How do you hope the band will be remembered?
Deon: I hope we will be remembered as a band that wrote great songs and put our all into every performance every time we stepped on a stage. We just wanted to be a positive influence on anyone who heard or saw us, so time will tell if that's what came through.
You've been known to tour extensively. Do you ever get homesick?
Deon: Of course, but the facts that I have enjoyed this band so much and have been fortunate enough to be surrounded by great friends that I consider family, they definitely make dealing with the whole traveling thing easier.
How has your sound evolved from your first to last album?
Deon: I feel like this album is very much a "This is who we are, right now" album. We really just tried to create honest songs that portrayed the influences of the five members.
What risks did you take, knowing it was your last record together?
Deon: I think we gave less sway to the idea of criticism. This album was purely for fans and for us. It was one last goodbye, so we didn't allow fear of anything to hold us back.
What's the significance behind the Lowborn album cover?
Deon: The crossed fingers first appeared inside our album, Vital. Since then, it has been a somewhat unofficial logo for us. When Nate was discussing this album with our long time friend and graphic designer, Jordan Butcher, the idea came up to make the logo a little more official by having it grace the cover.
How do you feel when fans emulate the album's cover by crossing their own fingers?
Deon: It makes me feel very good. We wanted something that would be iconic in its own way. Judging by the pictures we've seen, I think we have achieved that.
Do you think Lowborn sums up your journey as a band? Why or why not?
Deon: I think it brings us full circle. We worked with Matt Goldman, Aaron Marsh and Aaron Sprinkle this time around. They are all three people that have been with us since the beginning, so I feel like they were able to help us make the honest album we needed to make. Deciding to go through with one last album wasn't the easiest decision, but I think it was better to leave our dedicated fans with something in the end.
You started this journey when you were very young. Do you feel like you missed out on some important teenage moments to follow your dream?
Deon: No way. I've done and seen things so many people will never get a chance to do and see. Being part of Anberlin was like being a part of a very exclusive club. I wouldn't take any of it back.
How did you feel when you heard one of your songs on the radio for the first time, nearly 15 years ago?
Deon: It felt surreal. I had heard my old band's songs on the radio before, but only on a local, late night show on a small station. That doesn't compare to getting into a car in a different state and having your song just come into rotation next to bands like Foo Fighters and Rise Against.
The result of touring so much is a hardcore fan base. How inspiring is it to know you have a large group of people supporting and admiring you?
Deon: It's the ONLY way we have survived. We have such dedicated fans that have been there for us. A band without a fan base isn't a band at all. We have been very lucky to have that solid support for 12 years.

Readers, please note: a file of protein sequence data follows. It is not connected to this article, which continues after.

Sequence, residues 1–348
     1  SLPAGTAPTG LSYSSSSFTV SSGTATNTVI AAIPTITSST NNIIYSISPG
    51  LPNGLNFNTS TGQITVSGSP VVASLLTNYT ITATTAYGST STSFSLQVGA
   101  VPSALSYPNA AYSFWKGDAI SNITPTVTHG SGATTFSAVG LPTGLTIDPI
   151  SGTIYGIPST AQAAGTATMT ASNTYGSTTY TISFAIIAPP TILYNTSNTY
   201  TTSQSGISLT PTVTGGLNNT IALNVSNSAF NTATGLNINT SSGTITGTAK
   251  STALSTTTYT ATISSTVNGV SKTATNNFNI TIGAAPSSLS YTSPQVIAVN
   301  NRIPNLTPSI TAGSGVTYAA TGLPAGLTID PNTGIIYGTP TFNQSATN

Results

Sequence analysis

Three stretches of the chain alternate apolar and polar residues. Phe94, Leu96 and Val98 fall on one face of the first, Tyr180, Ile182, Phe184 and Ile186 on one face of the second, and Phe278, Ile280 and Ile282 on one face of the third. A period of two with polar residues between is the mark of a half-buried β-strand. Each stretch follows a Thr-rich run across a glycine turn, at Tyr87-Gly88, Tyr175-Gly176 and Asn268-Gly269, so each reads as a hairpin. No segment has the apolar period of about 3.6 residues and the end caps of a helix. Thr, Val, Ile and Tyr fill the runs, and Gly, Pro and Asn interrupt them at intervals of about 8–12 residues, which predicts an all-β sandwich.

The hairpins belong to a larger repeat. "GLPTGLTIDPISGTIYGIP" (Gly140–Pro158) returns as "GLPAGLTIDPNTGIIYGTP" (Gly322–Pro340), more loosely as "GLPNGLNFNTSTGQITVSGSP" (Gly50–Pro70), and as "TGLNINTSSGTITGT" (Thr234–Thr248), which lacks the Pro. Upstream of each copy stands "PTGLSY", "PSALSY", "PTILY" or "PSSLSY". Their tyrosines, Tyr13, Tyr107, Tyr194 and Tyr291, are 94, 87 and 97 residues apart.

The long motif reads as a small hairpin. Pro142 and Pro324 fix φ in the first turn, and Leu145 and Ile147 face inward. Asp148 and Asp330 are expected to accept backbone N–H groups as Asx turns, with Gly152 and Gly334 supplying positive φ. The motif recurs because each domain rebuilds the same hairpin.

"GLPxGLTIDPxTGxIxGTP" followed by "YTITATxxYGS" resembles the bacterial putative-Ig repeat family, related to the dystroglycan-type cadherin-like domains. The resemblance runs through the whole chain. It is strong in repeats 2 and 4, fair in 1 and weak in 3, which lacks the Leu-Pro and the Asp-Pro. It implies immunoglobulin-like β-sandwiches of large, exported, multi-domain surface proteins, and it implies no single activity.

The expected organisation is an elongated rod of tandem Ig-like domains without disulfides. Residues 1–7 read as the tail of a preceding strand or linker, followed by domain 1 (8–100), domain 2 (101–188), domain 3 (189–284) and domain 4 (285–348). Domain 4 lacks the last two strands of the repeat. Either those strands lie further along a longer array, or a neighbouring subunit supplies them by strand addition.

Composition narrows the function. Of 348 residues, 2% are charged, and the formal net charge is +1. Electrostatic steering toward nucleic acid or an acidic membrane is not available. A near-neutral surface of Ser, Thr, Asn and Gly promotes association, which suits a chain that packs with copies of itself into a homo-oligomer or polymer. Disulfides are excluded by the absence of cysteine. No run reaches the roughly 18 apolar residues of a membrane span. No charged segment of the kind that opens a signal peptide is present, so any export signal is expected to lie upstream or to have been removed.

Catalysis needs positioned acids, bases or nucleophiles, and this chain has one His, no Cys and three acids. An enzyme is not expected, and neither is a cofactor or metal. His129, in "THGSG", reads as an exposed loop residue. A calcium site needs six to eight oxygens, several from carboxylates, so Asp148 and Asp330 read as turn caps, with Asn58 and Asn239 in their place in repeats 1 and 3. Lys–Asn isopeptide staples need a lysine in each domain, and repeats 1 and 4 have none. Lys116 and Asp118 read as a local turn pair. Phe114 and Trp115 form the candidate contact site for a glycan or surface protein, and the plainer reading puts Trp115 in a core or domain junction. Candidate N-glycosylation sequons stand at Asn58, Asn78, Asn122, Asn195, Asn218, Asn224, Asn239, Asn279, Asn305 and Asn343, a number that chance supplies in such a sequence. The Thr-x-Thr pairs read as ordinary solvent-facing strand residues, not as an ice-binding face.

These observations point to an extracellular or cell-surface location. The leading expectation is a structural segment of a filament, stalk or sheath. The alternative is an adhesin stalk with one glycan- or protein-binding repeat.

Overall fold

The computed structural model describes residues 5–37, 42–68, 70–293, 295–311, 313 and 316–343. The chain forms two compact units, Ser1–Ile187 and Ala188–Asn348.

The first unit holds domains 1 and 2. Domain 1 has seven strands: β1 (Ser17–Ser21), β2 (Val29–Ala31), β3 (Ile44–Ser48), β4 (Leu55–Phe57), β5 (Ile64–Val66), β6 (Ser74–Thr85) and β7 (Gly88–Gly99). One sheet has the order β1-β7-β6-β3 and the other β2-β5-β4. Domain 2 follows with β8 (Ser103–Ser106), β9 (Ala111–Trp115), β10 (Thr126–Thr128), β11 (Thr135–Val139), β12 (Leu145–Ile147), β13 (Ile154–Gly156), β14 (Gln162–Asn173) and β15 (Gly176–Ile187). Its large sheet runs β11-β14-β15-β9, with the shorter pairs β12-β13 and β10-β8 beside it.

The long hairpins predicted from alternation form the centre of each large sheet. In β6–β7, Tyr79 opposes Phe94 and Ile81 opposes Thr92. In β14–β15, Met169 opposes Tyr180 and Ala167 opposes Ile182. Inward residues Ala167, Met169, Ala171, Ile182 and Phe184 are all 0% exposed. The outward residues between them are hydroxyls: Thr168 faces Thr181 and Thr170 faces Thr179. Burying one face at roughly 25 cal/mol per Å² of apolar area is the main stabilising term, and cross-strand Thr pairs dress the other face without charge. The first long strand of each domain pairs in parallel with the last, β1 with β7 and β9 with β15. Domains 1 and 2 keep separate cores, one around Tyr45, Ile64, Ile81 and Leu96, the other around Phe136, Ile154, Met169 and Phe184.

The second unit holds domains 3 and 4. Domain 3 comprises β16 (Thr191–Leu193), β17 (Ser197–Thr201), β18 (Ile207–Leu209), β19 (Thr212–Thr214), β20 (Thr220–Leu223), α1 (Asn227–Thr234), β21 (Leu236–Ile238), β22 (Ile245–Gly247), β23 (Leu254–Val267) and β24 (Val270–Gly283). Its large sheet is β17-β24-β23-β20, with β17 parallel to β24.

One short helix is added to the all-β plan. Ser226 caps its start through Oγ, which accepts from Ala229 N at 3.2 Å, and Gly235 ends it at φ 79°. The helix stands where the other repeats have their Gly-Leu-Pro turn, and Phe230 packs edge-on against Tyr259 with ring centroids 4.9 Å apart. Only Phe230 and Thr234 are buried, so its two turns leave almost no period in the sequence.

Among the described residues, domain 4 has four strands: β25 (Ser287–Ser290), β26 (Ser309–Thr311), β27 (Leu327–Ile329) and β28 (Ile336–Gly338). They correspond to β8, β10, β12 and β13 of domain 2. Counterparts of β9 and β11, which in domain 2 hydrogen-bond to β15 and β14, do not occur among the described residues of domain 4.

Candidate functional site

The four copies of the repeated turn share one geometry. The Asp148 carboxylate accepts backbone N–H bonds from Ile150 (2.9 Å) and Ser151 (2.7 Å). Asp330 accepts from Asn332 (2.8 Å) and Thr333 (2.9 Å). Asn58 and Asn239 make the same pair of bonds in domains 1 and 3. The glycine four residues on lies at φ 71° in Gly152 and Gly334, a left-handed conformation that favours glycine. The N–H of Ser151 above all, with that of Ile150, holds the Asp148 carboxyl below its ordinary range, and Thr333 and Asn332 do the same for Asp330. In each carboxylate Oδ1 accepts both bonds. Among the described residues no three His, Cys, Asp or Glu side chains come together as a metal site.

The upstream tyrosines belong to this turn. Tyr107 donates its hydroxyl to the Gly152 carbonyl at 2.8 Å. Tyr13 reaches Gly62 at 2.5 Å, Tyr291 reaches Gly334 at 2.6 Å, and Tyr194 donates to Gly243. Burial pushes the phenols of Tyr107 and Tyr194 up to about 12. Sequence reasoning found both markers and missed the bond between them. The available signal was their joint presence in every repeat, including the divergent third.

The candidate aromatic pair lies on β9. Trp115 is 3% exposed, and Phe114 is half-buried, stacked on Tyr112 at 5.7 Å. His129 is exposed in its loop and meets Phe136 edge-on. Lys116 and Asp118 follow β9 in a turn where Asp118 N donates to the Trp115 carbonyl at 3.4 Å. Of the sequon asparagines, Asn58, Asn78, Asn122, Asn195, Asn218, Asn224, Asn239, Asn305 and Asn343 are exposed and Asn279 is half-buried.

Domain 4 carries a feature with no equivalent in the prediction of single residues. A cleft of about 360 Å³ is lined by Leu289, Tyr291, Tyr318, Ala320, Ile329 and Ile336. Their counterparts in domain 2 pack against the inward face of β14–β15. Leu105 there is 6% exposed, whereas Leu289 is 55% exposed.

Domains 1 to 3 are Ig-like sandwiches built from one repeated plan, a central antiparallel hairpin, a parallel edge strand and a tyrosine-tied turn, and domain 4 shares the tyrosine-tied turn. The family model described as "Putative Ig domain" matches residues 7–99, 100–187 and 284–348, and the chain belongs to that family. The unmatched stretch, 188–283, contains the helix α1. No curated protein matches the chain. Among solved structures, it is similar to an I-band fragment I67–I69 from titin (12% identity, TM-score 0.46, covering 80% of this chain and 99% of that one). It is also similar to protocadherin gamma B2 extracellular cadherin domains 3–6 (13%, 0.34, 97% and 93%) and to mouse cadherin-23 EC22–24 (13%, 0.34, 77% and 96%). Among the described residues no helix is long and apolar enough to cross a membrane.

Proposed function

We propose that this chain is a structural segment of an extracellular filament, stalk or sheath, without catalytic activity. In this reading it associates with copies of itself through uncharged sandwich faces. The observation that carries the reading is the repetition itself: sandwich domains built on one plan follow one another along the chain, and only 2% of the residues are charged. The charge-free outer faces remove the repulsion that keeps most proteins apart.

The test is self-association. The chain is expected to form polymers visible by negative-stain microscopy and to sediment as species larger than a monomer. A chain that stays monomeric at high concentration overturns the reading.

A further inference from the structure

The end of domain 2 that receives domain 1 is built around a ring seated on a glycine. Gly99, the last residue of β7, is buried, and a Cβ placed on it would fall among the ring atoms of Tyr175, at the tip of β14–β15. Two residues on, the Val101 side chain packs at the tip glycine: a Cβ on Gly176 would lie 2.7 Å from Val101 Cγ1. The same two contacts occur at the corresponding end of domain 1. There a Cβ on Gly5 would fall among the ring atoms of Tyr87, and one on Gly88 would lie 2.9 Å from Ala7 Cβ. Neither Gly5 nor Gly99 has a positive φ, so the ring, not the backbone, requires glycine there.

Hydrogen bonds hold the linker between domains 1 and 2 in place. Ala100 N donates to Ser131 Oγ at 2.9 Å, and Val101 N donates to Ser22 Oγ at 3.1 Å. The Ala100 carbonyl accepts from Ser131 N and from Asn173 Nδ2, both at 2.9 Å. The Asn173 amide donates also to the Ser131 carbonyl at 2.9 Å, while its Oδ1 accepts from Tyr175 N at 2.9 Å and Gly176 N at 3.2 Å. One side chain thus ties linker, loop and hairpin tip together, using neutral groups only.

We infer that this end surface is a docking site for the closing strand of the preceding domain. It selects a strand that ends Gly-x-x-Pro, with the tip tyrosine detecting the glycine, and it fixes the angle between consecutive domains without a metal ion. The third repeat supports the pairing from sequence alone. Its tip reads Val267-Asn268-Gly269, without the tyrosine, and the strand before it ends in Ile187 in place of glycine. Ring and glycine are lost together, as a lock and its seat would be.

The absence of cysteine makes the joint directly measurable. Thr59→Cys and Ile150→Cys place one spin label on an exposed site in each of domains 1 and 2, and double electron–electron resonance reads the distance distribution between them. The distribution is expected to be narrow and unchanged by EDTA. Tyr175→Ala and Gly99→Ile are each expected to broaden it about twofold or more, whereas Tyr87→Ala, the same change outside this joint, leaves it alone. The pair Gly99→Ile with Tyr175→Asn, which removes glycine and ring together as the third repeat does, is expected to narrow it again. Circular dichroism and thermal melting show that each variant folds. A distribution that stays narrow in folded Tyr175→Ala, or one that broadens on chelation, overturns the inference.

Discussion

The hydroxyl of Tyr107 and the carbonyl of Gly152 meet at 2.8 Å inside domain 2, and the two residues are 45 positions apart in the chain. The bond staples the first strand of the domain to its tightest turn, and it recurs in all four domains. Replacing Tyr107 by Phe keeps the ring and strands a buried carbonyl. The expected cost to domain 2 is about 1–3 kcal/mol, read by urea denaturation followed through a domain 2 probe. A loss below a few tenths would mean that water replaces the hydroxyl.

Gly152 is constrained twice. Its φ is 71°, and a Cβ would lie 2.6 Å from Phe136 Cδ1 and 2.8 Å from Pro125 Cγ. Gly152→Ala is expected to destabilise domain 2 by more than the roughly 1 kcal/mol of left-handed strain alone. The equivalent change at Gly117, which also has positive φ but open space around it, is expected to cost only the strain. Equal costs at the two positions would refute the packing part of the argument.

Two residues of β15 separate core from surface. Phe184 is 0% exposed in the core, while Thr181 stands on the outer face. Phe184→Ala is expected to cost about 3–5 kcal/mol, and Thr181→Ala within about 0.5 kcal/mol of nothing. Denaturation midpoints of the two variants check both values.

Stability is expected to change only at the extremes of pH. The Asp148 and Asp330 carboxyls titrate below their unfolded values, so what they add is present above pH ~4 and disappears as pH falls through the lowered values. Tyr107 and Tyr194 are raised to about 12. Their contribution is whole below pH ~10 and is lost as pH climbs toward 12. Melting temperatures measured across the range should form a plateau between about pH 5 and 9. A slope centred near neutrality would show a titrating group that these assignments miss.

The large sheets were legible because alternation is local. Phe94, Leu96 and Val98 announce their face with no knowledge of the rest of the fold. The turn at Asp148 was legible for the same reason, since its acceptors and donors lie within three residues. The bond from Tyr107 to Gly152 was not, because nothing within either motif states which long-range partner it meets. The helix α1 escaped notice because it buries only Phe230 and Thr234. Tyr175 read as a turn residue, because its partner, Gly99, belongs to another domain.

What's the funniest thing that has happened to you on tour?
Deon: Long story short; A turkey flew through the windshield of our bus a few years ago. It lived too! It's just one of those things where you look at what has just happen and ask, what are the odds?!
To celebrate the album and the band's trajectory, you're going back on the road one last time this fall. Will it be hard to say goodbye?
Deon: I try not to think about it, but I know there will be moments when it will hit me and it will get tough. I really want to try and not dwell on it though. I want to soak in every moment I can.
Any must-dos and must-sees during The Final World Tour?
Deon: For me, I want to try to get to all my favorite food/drink spots around the world. I've had a lot of good times just hanging with friends and discovering bars and restaurants while on tour. My favorite probably being a little Italian spot in Melbourne, AUS named Pellegrini's. After 12 years of touring the same cities, some of these places begin to feel like my own local hangout, so it'll be nice to go back at least one more time during Anberlin even if it's not my last time visiting those countries.
Is it true you're still announcing more tour dates? Any specific cities we can look forward to seeing you play in?
Deon: I think most of the dates are announced by now, but we definitely tried to hit as many places as possible in the small timeframe we had. You can expect to see us in New York, Salt Lake City, Los Angeles, Sydney, Singapore along with many other places.
What are everyone's plans after Anberlin's Final World Tour?
Deon: It's hard for me to speak for everyone, but I think we'll all stay connected to music in some way. I'd love to continue writing, recording and touring, so that will be the first option for me.
Why did you decide it was time to split up after 15 years of making music together?
Deon: I think we just arrived at a point where our personal lives were pulling us in different directions and it was beginning to effect the band. If we had tried to trek on with that growing feeling of separation, I think it would have been to the detriment of the band as well as our friendship. Instead, we decided to bow out and say goodnight now while we still like each other.
What can you say to fans who are disappointed by the band's separation?
Deon: We may be going away, but we are leaving behind A LOT of music for our fans. It's like leaving carbon copies of yourself behind.
Lowborn is album number seven! Did you ever imagine you would record and release so many albums?
Deon: Of course I hoped we would have a long career, but there are no guarantees as far as the music world goes. Pretty proud of what we've been able to accomplish.